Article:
Hi there, my name is Olivia, a 36 year old mother of two from inner Melbourne, and this is my story of recovery from perinatal anxiety and depression.
In 2012 shortly after the birth of my first daughter Alice, I started to feel really unwell, like my stomach was constantly churning. I thought I might have had an upset stomach or gastric bug. However, this didn’t get better and in fact, as the weeks went by, it got progressively worse. I lost my appetite as well as a tonne of weight in a short amount of time. That certainly wasn’t normal for this Italian lover of fine foods! I suspected what was going on, as I had a prior history of mental health issues, and they all resulted in a loss of appetite.
My symptoms got worse and worse, I would lie in bed at night paralysed with fear, lying in a disgusting pool of my own sweat. All the while, my husband lay next to me none the wiser as to what was happening. When I could finally manage to move, it was usually only to breastfeed Alice, or go to the bathroom to throw up.
I managed to put on a brave face, while the entire time I was trapped in my own head. I had an irrational fear of this new baby who for her part was a perfect baby. She breastfed well and we definitely bonded. But for some reason, I was absolutely petrified of being left alone with her while my husband was at work. Then in the evening, my sense of dread about what lay ahead for me in my own private night-time hell caused my heart to palpitate. Eating certainly was out of the question.
By this stage, my husband and my mother started to realise something was wrong, but were unsure how to help. They would try to stay home from work as much as possible, and just try and make sure I wasn’t alone. I would be walking the streets with the pram crying into the phone. Meanwhile, I had numerous people asking to come over and visit the new baby. Something that is very common place in my family.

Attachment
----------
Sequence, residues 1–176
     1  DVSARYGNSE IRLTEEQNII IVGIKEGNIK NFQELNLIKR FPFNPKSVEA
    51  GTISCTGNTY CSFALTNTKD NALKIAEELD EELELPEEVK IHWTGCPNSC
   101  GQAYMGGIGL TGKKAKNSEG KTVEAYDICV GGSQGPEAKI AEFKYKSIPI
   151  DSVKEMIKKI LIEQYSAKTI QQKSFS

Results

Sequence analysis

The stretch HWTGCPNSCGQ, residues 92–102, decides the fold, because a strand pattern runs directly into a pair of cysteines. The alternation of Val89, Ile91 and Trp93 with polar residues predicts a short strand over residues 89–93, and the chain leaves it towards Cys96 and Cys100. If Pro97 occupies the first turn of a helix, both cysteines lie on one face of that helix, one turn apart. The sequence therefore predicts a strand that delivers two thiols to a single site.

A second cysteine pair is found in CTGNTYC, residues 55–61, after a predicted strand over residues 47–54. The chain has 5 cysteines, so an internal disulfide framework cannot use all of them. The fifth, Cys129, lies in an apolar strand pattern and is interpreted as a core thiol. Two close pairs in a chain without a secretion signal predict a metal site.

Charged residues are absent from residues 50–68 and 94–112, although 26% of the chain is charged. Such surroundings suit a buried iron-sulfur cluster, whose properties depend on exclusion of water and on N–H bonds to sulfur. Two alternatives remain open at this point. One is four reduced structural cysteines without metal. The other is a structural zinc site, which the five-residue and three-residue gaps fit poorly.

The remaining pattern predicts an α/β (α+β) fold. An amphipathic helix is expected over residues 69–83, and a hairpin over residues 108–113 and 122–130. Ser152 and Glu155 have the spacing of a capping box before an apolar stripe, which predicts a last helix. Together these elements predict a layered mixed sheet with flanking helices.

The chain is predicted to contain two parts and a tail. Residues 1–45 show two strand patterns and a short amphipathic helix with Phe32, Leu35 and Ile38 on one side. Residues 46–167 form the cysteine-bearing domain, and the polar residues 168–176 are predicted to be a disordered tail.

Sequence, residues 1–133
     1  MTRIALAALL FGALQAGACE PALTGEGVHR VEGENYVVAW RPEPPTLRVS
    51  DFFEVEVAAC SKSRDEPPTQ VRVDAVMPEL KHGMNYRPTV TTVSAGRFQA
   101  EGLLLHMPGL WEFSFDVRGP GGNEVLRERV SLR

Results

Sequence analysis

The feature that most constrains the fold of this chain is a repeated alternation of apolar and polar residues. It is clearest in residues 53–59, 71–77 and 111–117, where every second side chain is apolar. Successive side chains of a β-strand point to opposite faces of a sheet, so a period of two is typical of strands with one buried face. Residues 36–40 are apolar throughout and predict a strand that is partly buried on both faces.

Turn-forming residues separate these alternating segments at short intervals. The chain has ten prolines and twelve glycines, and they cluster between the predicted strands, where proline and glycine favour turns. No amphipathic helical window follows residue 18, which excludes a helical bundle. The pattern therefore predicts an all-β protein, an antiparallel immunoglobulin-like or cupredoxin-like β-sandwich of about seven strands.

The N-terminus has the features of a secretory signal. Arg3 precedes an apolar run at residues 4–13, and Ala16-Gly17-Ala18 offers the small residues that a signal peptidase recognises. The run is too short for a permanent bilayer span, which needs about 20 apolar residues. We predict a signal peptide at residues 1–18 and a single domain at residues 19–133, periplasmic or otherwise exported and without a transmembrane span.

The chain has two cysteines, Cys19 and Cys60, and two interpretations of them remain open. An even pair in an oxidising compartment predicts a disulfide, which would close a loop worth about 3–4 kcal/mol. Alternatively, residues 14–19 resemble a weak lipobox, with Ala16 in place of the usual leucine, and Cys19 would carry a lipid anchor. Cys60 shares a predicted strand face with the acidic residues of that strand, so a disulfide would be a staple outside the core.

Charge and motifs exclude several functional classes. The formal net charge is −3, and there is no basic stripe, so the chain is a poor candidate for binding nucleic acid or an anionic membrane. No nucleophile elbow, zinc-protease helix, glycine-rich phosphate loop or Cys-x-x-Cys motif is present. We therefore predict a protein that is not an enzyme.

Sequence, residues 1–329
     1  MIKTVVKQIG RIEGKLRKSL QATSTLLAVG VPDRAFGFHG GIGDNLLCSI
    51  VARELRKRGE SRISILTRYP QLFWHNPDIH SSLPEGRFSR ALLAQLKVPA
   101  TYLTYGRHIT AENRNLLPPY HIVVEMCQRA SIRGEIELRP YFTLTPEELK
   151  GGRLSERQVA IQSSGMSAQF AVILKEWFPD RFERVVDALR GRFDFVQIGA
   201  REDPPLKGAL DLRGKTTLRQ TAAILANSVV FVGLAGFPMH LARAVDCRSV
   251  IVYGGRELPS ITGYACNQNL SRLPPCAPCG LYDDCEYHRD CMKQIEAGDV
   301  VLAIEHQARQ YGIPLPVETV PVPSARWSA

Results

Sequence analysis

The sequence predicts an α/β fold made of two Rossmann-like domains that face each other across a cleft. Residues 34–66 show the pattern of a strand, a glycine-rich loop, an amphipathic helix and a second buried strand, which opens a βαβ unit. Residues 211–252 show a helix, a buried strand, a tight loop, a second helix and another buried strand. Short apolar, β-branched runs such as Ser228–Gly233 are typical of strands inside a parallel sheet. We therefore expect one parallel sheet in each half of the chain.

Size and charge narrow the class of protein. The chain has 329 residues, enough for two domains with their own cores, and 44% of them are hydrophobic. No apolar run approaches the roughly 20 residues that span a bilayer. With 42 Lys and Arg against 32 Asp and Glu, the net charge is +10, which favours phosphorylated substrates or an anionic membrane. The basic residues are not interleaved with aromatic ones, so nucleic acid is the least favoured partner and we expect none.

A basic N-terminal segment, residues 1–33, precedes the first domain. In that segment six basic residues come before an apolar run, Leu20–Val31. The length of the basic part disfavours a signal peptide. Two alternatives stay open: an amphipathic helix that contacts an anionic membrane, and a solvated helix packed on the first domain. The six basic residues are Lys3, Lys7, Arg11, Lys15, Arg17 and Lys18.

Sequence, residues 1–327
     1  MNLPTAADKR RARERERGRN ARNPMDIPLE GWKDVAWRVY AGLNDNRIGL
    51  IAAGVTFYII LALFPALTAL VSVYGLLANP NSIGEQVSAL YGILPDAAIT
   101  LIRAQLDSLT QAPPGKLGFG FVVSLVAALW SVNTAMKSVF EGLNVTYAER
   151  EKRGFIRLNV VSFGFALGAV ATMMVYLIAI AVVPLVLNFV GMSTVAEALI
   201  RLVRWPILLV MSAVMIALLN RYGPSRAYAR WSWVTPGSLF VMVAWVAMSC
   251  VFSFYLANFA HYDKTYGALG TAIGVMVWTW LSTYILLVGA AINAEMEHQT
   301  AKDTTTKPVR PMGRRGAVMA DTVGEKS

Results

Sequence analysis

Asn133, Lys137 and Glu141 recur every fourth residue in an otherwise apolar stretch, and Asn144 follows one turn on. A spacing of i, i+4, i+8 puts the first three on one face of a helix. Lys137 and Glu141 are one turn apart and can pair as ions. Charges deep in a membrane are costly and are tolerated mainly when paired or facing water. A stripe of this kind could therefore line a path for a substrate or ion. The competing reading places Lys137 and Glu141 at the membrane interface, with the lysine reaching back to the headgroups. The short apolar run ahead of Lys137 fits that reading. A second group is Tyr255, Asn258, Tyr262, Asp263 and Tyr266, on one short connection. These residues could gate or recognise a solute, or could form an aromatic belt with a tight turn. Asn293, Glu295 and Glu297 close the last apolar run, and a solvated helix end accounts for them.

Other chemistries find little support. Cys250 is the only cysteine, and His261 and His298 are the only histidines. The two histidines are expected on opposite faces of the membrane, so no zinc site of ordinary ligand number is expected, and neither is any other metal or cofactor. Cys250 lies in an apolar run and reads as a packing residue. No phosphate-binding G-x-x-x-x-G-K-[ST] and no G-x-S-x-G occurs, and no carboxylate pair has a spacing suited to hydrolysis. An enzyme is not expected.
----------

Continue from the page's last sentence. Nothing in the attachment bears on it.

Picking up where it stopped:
It got to the stage where I couldn’t handle it anymore, I felt like I was about to have a heart attack. I rang the 24 hour maternal health line and explained what was going on. They told me to report to the emergency department, which is what I did. From there, my wonderful Obstetrician was notified who came in on a Sunday to see me. From there it was decided that I was in dire need of help, and the CAT (Mental Health Crisis Assessment Team) team were called. They were awesome. I had a meeting with a psychiatrist the very next day, and steps were put in place to have me admitted to a mother-baby unit as soon as possible. I was extremely lucky and was admitted to a private psychiatric facility within a couple of days. All the while, the CAT team ensured that I was safe and not alone whilst at home waiting for a place.
The mother-baby unit was a very daunting place at first. I went with a sense of hopelessness that I would never get better. However, everyone I came in contact with ensured that I would get better. It wasn’t much of a consolation to myself at the time; in fact I wanted to punch each of them square in the face. After meeting with my buddy the Psychiatrist daily, being placed on medication, attending countless therapy sessions, and just making sure I was eating something, I managed to make baby steps to recovery. Just going out to grab a coffee was an achievement. The place started to feel like my safe place and I began to wonder how I would ever be able to leave.
Oh so slowly, my confidence grew. I was able to go on day leave and visit family. After almost a month in the mother baby unit, I was allowed to go home. I had a plan in place, which involved; constant contact with the clinic, home visits with therapists, and a weekly attendance at the day program back at the mother-baby unit. Here I really felt my recovery take place. Doing art therapy and just being able to download all my problems and gripes with other women going through the same thing was a huge help. To this day I thank my lucky stars that I was privately insured and privileged to be able to attend a facility like this. Other women are not so lucky, which is an indictment on our public health system, but that is another story.
I have no doubt that seeking and receiving the correct help saved my life, and has made me a much stronger woman, mother and wife today. I was able to go on and have another gorgeous little girl called Penny earlier this year. I went into it with a very careful and monitored approach, and thankfully, have managed to remain well throughout. I am hoping my story will help someone who is sitting on her couch crying whilst checking Google on her phone. She may just come across the PANDA website and realise that she isn’t alone. There is help out there and she will get better. Just don’t punch me okay!
- Info & Support
- After Birth
- Postnatal Anxiety & Depression Recovery Stories
- Postnatal Anxiety Recovery Stories
- Olivia VIC Story
"My symptoms got worse and worse, I would lie in bed at night paralysed by fear, lying in a disgusting pool of sweat. All the while, my husband lay next to me none the wiser as to what was happening."
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